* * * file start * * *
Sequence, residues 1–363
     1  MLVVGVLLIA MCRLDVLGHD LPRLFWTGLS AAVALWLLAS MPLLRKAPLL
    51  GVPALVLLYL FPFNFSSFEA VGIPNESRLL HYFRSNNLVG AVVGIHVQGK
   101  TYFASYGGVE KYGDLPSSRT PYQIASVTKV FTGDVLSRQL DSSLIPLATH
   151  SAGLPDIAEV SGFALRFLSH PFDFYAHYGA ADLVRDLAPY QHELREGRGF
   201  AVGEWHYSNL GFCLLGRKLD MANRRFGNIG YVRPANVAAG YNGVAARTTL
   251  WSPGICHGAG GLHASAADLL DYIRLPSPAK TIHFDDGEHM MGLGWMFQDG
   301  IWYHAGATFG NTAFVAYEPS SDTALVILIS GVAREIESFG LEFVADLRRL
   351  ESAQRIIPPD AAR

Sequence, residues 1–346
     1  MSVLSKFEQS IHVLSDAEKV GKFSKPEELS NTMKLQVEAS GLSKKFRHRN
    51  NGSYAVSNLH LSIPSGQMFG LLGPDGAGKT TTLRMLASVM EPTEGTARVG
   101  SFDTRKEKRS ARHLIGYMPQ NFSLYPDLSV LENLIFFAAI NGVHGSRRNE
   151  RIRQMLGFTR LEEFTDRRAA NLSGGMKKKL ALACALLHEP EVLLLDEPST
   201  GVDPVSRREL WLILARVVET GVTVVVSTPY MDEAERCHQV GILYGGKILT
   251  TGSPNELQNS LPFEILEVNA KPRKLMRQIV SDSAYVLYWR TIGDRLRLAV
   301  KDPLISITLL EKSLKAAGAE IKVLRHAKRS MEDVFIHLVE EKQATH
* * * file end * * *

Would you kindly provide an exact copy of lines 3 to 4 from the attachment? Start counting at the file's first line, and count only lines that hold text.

    51  GVPALVLLYL FPFNFSSFEA VGIPNESRLL HYFRSNNLVG AVVGIHVQGK
   101  TYFASYGGVE KYGDLPSSRT PYQIASVTKV FTGDVLSRQL DSSLIPLATH